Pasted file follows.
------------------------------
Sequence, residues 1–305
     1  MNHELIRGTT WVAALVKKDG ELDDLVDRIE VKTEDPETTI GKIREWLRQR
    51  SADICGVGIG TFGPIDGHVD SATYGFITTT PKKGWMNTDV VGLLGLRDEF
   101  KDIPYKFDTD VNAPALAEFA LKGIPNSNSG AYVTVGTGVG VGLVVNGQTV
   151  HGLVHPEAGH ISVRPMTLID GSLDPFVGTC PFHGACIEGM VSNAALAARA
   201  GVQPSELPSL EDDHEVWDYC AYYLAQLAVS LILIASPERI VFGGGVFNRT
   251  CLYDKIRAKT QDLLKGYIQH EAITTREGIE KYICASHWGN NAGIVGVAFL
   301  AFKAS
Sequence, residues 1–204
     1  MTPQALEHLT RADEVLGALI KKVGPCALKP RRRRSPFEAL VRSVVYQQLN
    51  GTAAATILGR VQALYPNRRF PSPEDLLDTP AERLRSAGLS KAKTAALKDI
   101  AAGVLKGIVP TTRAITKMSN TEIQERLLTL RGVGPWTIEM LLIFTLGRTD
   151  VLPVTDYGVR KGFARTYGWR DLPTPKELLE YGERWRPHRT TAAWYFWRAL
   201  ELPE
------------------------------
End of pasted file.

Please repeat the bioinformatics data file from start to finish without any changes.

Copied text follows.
Sequence, residues 1–305
     1  MNHELIRGTT WVAALVKKDG ELDDLVDRIE VKTEDPETTI GKIREWLRQR
    51  SADICGVGIG TFGPIDGHVD SATYGFITTT PKKGWMNTDV VGLLGLRDEF
   101  KDIPYKFDTD VNAPALAEFA LKGIPNSNSG AYVTVGTGVG VGLVVNGQTV
   151  HGLVHPEAGH ISVRPMTLID GSLDPFVGTC PFHGACIEGM VSNAALAARA
   201  GVQPSELPSL EDDHEVWDYC AYYLAQLAVS LILIASPERI VFGGGVFNRT
   251  CLYDKIRAKT QDLLKGYIQH EAITTREGIE KYICASHWGN NAGIVGVAFL
   301  AFKAS
Sequence, residues 1–204
     1  MTPQALEHLT RADEVLGALI KKVGPCALKP RRRRSPFEAL VRSVVYQQLN
    51  GTAAATILGR VQALYPNRRF PSPEDLLDTP AERLRSAGLS KAKTAALKDI
   101  AAGVLKGIVP TTRAITKMSN TEIQERLLTL RGVGPWTIEM LLIFTLGRTD
   151  VLPVTDYGVR KGFARTYGWR DLPTPKELLE YGERWRPHRT TAAWYFWRAL
   201  ELPE